Friday, 6 July 2007

US firm disputes DOTC ad on ZTE

By Jarius Bondoc
Original article at the Philippine Star

Scott Arey is CFO of Arescom, the California firm that offered to supply the national broadband network for $135 million. He has been in contact since the exposure of government’s rush to buy the same system from ZTE Corp. of China for $330 million — more than double. Arey’s latest e-mail, edited for brevity:

“The DOTC took an unprecedented public position to defend its ill-conceived selection of ZTE. The misinformation and inadequate statements in (the) full-page newspaper ad by DOTC must be addressed for the record. The public should be aware of at least the following untruths:

“(1) DOTC’s ad stated our ‘objective’ was to establish a ‘satellite based network’ — a statement contrary to fact. We consistently told the government that a satellite network will be too expensive to operate and will not work properly for some of its requirements. Only at its insistence did we include satellite, and only as a backup system.

“(2) DOTC’s ad stated that the ‘Nature of (our) Proposal’ is ‘not clear’. If this is the case, then why did Sec. Leandro Mendoza endorse our proposal on Mar. 14, 2007?

(Note: In that attached letter to NEDA Sec. Romulo Neri, Mendoza asked for a “review and study specifically of the feasibility” of Arescom’s proposal. He said it is “designed to overcome barriers in the area of telecommunications through the use of latest broadband networking technology.”)

“(3) DOTC’s ad stated that the ‘Financial Capability of (Arescom)’ has ‘No Information’. Please see the attached letters dated Aug. 1 and Aug. 5, 2005, to the government addressing this issue. Note the stamps of different offices indicating receipt of these correspondences. In Nov. 2005 a delegation from the Philippine government actually visited US Eximbank with Arescom. Shortly after that visit, in Jan. 2006, the project was passed to NEDA. In Mar. 2006, after NEDA’s endorsement had been received, DOTC insisted on taking over the project. All prior information was turned over to DOTC. They were completely informed.

(The Aug. 1, 2005 letter of Arescom president Chris Ching to NEDA’s Augusto Santos states: “This project will be fully supported by 100% Official Development Assistance, through the United States Export-Import Bank.” It bears the receipt stamps of NEDA, DILG and Office of the President. The Aug. 5 letter of Ching to President Arroyo, thru Malacañang External Affairs chief Danilo Mendoza, states: “The financing will be arranged with a guarantee from the Export-Import Bank of the United States that includes the 24-month availability period and a 12-and-one-half-year repayment period depending on the useful life of the underlying equipment.” It bears the receipt stamps of the DILG and the Office of the President, with barcode.)

“(4) DOTC’s ad states that Arescom has no ‘Technical Capability’. Arescom has been an exclusive technology provider to Microsoft. Arescom’s integrated products are installed in telcos in more than 40 countries. Arescom hired as its integrator Wireless Facilities (NASDAQ: WFII), which has met with DOTC and shown military grade networks deployed by WFI for the US Department of Defense.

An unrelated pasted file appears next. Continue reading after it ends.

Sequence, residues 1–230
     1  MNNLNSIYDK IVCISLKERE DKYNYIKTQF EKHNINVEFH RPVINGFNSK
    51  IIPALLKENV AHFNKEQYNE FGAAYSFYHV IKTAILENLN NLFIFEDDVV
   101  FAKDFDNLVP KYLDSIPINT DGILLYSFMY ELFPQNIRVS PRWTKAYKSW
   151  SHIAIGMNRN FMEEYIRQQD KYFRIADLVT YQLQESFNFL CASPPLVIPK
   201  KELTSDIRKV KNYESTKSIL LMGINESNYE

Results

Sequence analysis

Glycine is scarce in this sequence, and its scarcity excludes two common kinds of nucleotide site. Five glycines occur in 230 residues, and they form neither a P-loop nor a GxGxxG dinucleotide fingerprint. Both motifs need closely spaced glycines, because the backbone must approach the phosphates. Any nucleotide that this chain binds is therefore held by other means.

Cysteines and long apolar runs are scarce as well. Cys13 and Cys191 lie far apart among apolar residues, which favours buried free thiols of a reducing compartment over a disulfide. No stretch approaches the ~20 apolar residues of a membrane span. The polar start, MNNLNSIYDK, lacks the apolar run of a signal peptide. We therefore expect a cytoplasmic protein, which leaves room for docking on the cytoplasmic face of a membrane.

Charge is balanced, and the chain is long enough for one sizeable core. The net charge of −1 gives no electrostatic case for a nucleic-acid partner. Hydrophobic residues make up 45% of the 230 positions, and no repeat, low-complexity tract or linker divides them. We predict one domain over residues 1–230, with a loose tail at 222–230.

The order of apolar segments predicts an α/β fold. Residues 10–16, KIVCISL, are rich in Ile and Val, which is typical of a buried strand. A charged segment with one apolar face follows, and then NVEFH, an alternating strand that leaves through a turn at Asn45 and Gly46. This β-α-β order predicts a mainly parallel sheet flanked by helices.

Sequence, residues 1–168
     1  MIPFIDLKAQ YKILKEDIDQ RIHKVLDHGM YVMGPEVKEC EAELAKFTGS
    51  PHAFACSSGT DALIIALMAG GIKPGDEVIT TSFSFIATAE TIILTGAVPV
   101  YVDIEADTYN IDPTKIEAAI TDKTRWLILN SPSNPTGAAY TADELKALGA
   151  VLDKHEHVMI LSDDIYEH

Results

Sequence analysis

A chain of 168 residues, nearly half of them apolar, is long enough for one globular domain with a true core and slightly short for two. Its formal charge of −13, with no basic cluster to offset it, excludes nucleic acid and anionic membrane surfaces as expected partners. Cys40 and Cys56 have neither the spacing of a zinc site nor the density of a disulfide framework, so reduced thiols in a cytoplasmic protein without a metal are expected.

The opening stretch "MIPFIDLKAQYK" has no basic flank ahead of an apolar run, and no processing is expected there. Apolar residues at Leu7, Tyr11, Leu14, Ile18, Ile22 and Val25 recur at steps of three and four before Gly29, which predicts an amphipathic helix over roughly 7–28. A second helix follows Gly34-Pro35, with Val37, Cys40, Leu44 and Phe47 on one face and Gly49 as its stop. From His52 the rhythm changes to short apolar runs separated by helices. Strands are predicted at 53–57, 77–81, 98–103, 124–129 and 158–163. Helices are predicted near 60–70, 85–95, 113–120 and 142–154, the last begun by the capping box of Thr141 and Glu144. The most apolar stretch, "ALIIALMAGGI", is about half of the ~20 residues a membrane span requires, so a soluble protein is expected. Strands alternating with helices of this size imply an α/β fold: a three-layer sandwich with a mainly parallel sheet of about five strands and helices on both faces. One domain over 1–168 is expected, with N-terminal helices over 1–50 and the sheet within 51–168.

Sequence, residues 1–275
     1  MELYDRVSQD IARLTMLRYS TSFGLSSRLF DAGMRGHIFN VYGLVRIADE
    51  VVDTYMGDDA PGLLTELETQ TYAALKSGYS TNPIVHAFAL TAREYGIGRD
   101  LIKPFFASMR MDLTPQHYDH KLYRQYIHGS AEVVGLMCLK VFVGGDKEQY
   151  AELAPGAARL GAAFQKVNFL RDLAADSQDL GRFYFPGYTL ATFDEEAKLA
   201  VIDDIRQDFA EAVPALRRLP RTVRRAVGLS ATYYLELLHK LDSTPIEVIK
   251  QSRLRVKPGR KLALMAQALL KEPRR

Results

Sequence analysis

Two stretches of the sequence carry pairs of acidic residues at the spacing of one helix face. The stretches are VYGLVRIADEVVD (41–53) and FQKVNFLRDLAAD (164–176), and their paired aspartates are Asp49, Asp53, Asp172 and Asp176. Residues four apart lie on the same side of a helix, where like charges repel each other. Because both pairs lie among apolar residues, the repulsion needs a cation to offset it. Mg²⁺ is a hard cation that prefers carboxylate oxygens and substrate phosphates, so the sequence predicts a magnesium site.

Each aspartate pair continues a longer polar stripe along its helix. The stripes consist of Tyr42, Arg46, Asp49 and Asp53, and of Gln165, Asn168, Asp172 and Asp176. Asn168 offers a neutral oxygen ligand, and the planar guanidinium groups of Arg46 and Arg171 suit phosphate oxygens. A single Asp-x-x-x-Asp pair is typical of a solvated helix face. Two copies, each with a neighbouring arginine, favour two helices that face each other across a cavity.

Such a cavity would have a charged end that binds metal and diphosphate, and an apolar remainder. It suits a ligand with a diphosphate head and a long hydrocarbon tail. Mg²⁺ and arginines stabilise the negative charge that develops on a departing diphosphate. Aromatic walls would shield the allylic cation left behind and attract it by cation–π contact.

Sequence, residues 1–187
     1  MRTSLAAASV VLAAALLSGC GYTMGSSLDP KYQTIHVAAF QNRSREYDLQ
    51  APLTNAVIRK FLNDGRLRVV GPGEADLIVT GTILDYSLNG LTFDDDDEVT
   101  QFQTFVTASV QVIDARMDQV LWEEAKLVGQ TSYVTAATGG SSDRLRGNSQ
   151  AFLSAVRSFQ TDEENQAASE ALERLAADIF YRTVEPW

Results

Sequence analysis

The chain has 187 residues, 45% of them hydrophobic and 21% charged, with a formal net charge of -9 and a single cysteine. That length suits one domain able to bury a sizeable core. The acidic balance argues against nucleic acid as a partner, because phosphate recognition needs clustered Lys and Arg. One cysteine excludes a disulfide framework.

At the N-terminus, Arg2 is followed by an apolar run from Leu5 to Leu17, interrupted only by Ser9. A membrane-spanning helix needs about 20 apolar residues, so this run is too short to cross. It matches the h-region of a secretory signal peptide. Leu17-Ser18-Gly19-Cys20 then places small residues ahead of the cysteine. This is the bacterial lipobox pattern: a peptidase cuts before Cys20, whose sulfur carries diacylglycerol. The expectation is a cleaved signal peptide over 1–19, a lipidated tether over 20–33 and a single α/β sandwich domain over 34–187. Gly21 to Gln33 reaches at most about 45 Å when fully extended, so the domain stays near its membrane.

“(5) DOTC’s ad states that Arescom’s ‘Coverage’ is only 21 selected regional centers. The reason for this is we were asked to provide service to those centers over a backbone that could be expanded to serve the entire nation. We can easily expand the scope. Given what the DOTC has listed as equipment for the $330-million ZTE project, we would do the same project for $279 million at most, and this price includes key elements that the DOTC has omitted but are necessary for the project to work.

(Arey attached a breakdown of Arescom’s $279 million against ZTE’s $330 million in the DOTC ad. Included in the $279 million is $12 million for training and $15 million for maintenance, items lacking in ZTE’s $330 million.)

“We hope you will provide the public the truth, so that the Filipino people will not have to pay an extra $50 million. We will be happy to answer any of your questions.”

At this point, any answering must be done perhaps by DOTC.

* * *

DOTC has accused ZTE’s competitors of disinformation and possibly even the “theft” of the contract copies. To this, bidder Amsterdam Holdings Inc., which offered to build the NBN on its own for $240 million at no cost to government, fires back:

“AHI cannot take credit for DOTC’s and ZTE’s difficulties. If (their) contract is indeed regular and above board, then they should have nothing to fear from the scrutiny of lawmakers, the press and the public.

“AHI’s unsolicited proposal thru B-O-O mechanism under the B-O-T Law is strictly our private sector initiative, using American and Chinese equipment and technology, among which Hua Wei is the largest telecoms manufacturer in China and second in the world. AHI does not have anything against ZTE. Broadband Philippines, the premier service provider of scarce broadband spectrum nationwide, of which Jose de Venecia III is chairman, currently uses some ZTE equipment for its broadband mobile business.

“De Venecia III is one of the stockholders in AHI. He believes that the identity of the people behind its proposal is important, but should not stand in the way of evaluating technical competence. He believes the AHI proposal is good for the country and can stand on its own merits.

AHI’s proposal does not involve any government loan or equity or sovereign guarantee. It is totally an AHI investment, expense and risk.

“AHI’s unsolicited proposal to the DOTC remains unanswered until today.”

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